• spwatts16

Voting: Is it Important or Not?

Voting: Is it important or not?


Is voting important? That is a question that has been debated among people for generations. Most see voting as important and a way to make your voice heard; others don’t see the point, thinking, “why should I vote, it’s not like my vote does anything.” This debate is not something that is new to Greenwood. There have been many circumstances where eligible students don’t register to vote because they just don’t care or they don’t think there is a point to it. I took a survey of 51 students, with help from some of the teachers at the school, that asked one simple question: Is voting important or not? The results are shown in the pie chart below.





Seeing this, I decided to ask a few teachers to comment on their opinion of the importance of voting. I asked Mrs. Pedrick, Mrs. Brummer, Mr. Tomko, and Mrs. Novinger “is voting important, and why”. Here are their responses:


Mrs. Pedrick: “It’s important because it’s a right we have as American citizens and we should exercise that right. I also don’t believe people should complain about things in our country if they’re not exercising that right.”


Mrs. Brummer: “Yes, otherwise you have no reason to complain about something if you didn’t spread your voice about topics or who you want to be your leader”


Mr. Tomko: “Yes, it’s very important because it’s how you have a say in the government. If you don't, you're allowing other people to take control of your government.”


Mrs. Novinger: “Well yes, because voting is your opportunity to stand up for important issues or issues that you care about to do your part in representing those issues.”


Mrs. Woodard: “Yes! Voting is VERY important to the proper function and democratic values of our nation. Voting is perhaps one of the MOST valuable civic duties in our country today.”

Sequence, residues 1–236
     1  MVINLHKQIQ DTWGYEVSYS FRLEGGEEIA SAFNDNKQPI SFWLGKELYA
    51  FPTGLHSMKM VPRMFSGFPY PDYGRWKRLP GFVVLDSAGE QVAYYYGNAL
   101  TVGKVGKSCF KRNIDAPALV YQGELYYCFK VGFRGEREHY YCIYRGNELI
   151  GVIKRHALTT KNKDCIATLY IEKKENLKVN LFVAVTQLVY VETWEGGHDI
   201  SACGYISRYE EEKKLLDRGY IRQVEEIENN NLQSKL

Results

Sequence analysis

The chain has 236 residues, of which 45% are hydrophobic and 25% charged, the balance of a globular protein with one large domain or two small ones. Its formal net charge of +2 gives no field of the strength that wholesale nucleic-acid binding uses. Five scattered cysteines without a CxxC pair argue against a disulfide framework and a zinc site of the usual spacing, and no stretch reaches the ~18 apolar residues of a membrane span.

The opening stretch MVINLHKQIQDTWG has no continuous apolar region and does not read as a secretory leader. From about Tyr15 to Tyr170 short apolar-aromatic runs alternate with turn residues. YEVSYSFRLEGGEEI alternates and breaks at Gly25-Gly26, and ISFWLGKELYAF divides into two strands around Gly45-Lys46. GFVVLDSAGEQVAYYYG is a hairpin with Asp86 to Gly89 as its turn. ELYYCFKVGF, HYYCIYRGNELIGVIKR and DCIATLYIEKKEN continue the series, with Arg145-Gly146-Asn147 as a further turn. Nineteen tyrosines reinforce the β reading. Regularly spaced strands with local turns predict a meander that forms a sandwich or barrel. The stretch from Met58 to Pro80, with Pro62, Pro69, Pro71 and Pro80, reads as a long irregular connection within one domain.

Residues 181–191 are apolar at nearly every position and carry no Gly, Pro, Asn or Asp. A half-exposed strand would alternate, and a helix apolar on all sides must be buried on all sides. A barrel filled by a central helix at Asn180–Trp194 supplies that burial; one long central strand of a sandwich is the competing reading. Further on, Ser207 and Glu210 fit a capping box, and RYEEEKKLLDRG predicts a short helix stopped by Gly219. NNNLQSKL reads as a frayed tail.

One question that many young people ask is, “why would I vote, my one vote doesn’t matter.” I asked Mrs. Woodard, one of the government teachers at Greenwood, how she would respond if a student said this about voting. Her response was, “I would stress to this student that a single vote CAN be the difference that changes the outcome of an election. One specific example I give each year to illustrate the importance of a single vote is the Presidential Election of 2000 between Al Gore and George W. Bush. That election essentially came down to one state (Florida) and roughly 500 votes! Out of 6 million votes cast…the election came down to almost 500!! If those 500 citizens had believed their vote did not matter, then our nation’s history would have changed forever!”


So we see that many, if not all, of the faculty at Greenwood believe voting is important and wish to express the value of voting to their students. So why am I bringing voting up? Well, Tuesday, May 17th is the primary election. This year, Pennsylvania is voting on a candidate for both the Republican and Democratic parties for Governor, as Tom Wolf’s second term ends at the completion of 2022. We are also voting on state and federal congress members. Seniors old enough can vote in this election!


The following are the candidates from each party for the Governor election:


Republican: Jake Corman, Douglas Mastriano, Louis Barletta, David White, Joseph Gale, William McSwain, Melissa Hart, Charles Gerow, and Nche Zama


Democratic: Josh Shapiro



If you are voting, I encourage you to look into the candidates you think you may support. Look at your views and how their views line up. Don’t just vote for someone because that's who your parents or friends are voting for. Make your own decisions. As many teachers have stated, voting is your opportunity to take a stance and choose a government official that you think will best support your views. Make the choice to help your government! See you at the ballot box!


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